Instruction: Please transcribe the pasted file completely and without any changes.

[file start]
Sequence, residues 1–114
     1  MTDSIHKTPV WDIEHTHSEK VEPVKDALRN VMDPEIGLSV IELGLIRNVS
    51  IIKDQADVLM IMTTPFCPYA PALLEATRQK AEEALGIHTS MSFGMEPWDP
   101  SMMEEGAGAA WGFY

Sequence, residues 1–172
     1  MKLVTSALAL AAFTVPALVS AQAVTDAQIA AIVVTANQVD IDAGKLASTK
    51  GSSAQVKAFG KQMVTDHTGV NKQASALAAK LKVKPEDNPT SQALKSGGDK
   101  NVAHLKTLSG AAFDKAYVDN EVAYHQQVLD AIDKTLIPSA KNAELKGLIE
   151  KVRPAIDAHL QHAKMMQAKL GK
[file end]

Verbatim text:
Sequence, residues 1–114
     1  MTDSIHKTPV WDIEHTHSEK VEPVKDALRN VMDPEIGLSV IELGLIRNVS
    51  IIKDQADVLM IMTTPFCPYA PALLEATRQK AEEALGIHTS MSFGMEPWDP
   101  SMMEEGAGAA WGFY

Sequence, residues 1–172
     1  MKLVTSALAL AAFTVPALVS AQAVTDAQIA AIVVTANQVD IDAGKLASTK
    51  GSSAQVKAFG KQMVTDHTGV NKQASALAAK LKVKPEDNPT SQALKSGGDK
   101  NVAHLKTLSG AAFDKAYVDN EVAYHQQVLD AIDKTLIPSA KNAELKGLIE
   151  KVRPAIDAHL QHAKMMQAKL GK